AkbariMargie Akbari, MD, is a board-certified interventional cardiologist practicing at Inova Fairfax Hospital and Inova Fair Oaks Hospital. Read Dr. Akbari’s profile.

Recently, I became the first physician in the D.C. metro region to implant a new type of stent to treat coronary artery disease in one of my patients. The new system, known as the SYNERGY™ stent, is a really exciting option for opening blocked arteries since it reduces the duration of blood-thinning medications.

The United States Food and Drug Administration (FDA) approved the SYNERGY™ stent in October. Already, it is becoming a top choice for me and my fellow cardiologists at the Inova Heart and Vascular Institute.

What Is Coronary Artery Disease?

Coronary artery disease occurs when fatty deposits called plaque build up inside the arteries. The plaque buildup can partially or totally block the artery, interfering with normal blood flow. This can lead to chest pain, shortness of breath and an increased risk of having a heart attack.

One of our go-to methods for treating this condition is a procedure called angioplasty, where we inflate a small balloon catheter to open the narrowed artery. Following that procedure, we often implant a metal mesh tube called a stent into the artery.

The stent props the artery open, allowing blood to flow through more easily. It remains in the artery permanently.

Traditional Stent Options

Until recently, we’ve had two types of stent options to choose from. The first generation of stent implants were made of metal mesh. So-called “bare metal” stents are effective, but they can trigger scar tissue to form, causing the artery to re-narrow.

To avoid that complication, we can use implants called drug-eluting stents. They are made of metal coated with a special polymer layer. (Polymers are a class of man-made compounds that include nylon, polyester and the nonstick coating found on pans.) The polymer releases a drug into the artery over several months. The drug prevents scar tissue from forming.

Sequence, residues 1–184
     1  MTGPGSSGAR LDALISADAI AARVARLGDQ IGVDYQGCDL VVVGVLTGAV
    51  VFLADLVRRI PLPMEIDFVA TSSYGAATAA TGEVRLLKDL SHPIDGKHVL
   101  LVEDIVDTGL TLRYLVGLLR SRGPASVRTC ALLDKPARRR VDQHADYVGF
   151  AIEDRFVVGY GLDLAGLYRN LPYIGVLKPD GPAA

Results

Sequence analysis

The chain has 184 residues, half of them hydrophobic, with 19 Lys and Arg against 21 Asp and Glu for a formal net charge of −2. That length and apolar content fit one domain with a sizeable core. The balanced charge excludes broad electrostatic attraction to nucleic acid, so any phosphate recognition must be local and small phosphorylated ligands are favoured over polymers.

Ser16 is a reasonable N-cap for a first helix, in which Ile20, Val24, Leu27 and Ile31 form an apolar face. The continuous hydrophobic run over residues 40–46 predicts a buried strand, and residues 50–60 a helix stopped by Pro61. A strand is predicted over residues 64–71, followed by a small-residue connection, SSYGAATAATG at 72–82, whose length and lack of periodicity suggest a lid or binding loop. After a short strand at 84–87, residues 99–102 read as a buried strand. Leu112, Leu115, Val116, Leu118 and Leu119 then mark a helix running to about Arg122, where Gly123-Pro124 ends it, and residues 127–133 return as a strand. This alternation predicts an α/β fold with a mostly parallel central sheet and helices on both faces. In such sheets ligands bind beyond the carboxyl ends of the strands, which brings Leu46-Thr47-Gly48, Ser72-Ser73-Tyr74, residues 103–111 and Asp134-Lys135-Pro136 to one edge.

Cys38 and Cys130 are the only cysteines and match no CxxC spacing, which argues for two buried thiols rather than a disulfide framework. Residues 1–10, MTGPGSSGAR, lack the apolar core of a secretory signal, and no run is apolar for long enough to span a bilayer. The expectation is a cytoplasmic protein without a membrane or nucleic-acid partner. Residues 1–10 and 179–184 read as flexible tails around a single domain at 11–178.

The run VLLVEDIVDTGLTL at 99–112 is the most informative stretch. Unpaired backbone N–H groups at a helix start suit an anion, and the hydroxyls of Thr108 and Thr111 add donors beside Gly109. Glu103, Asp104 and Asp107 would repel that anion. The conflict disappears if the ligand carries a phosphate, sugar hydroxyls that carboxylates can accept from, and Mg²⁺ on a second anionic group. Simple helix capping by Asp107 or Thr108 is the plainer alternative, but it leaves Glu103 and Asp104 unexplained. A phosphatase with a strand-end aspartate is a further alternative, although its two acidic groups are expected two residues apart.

Unfortunately, long-term exposure to the polymer can sometimes cause other problems. Most seriously, the drug-coated stents can, rarely, result in the formation of blood clots at the stent site. This can occur in the first year or even several years after the stent is implanted.

This complication, called late-stent thrombosis, is rare but dangerous. To avoid clots, patients must take blood-thinning drugs for a prolonged period.

The SYNERGY™ Stent

The SYNERGY™ Stent

SYNERGY™ Stent: The Best of Both Worlds

The new SYNERGY™ stent is exciting because it combines the benefits of bare-metal and drug-coated stents.

SYNERGY™ stents are coated with a very thin polymer layer that releases drugs to prevent scar tissue from forming in the artery. But after the drug has been released, the body completely absorbs the polymer.

What remains is essentially a bare-metal stent. Patients with the SYNERGY™ stent get all the benefits of drug-coated stents without the risk of long-term exposure to the polymer. They aren’t at risk for developing late-stent thrombosis, so, they don’t have to take blood thinners for an extended period.

State-of-the-Art Heart Care

In late January, I implanted the SYNERGY™ stent into a patient with a difficult case. One of her major arteries was 99 percent blocked. But the procedure went smoothly, and we couldn’t have asked for a better outcome. It was so gratifying to give my patient this state-of-the-art implant, and she’s doing well.

The Inova Heart and Vascular Institute is nationally recognized for its treatment of coronary artery disease. Last year, our physicians performed more than 2,300 procedures to open blocked coronary arteries. We’re so pleased to be offering this new option to our patients.

If you need heart care, learn more about the award-winning team of heart and vascular doctors at the Inova Heart and Vascular Institute.

Leave a Comment